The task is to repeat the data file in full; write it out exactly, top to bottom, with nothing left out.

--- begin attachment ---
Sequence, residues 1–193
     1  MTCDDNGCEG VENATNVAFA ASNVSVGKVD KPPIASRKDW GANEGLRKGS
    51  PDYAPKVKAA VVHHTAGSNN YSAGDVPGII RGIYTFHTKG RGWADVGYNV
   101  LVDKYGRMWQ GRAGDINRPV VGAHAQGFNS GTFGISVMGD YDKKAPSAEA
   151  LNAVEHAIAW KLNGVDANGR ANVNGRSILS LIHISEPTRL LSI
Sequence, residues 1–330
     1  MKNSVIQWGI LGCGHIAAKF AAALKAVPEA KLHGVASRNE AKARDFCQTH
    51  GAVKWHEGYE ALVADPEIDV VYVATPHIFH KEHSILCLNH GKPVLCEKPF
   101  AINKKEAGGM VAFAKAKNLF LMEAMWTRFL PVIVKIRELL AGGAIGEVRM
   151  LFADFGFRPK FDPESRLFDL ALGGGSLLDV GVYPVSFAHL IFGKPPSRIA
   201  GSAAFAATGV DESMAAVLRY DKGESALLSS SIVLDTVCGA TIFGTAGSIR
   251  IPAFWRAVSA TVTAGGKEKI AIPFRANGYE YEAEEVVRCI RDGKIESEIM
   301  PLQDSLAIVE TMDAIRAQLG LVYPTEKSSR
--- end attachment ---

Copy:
Sequence, residues 1–193
     1  MTCDDNGCEG VENATNVAFA ASNVSVGKVD KPPIASRKDW GANEGLRKGS
    51  PDYAPKVKAA VVHHTAGSNN YSAGDVPGII RGIYTFHTKG RGWADVGYNV
   101  LVDKYGRMWQ GRAGDINRPV VGAHAQGFNS GTFGISVMGD YDKKAPSAEA
   151  LNAVEHAIAW KLNGVDANGR ANVNGRSILS LIHISEPTRL LSI
Sequence, residues 1–330
     1  MKNSVIQWGI LGCGHIAAKF AAALKAVPEA KLHGVASRNE AKARDFCQTH
    51  GAVKWHEGYE ALVADPEIDV VYVATPHIFH KEHSILCLNH GKPVLCEKPF
   101  AINKKEAGGM VAFAKAKNLF LMEAMWTRFL PVIVKIRELL AGGAIGEVRM
   151  LFADFGFRPK FDPESRLFDL ALGGGSLLDV GVYPVSFAHL IFGKPPSRIA
   201  GSAAFAATGV DESMAAVLRY DKGESALLSS SIVLDTVCGA TIFGTAGSIR
   251  IPAFWRAVSA TVTAGGKEKI AIPFRANGYE YEAEEVVRCI RDGKIESEIM
   301  PLQDSLAIVE TMDAIRAQLG LVYPTEKSSR